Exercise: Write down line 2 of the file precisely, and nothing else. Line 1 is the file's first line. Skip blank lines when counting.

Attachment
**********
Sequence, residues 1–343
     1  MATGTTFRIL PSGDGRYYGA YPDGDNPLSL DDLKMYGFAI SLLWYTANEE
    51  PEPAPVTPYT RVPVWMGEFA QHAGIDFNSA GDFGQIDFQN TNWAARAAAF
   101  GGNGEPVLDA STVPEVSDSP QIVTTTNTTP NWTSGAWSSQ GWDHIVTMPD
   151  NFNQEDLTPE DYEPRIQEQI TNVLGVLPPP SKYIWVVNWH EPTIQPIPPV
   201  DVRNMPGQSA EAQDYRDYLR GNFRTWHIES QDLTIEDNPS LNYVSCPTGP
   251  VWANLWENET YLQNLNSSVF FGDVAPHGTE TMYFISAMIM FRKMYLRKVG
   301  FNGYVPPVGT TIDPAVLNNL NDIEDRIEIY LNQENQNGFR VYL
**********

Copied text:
     1  MATGTTFRIL PSGDGRYYGA YPDGDNPLSL DDLKMYGFAI SLLWYTANEE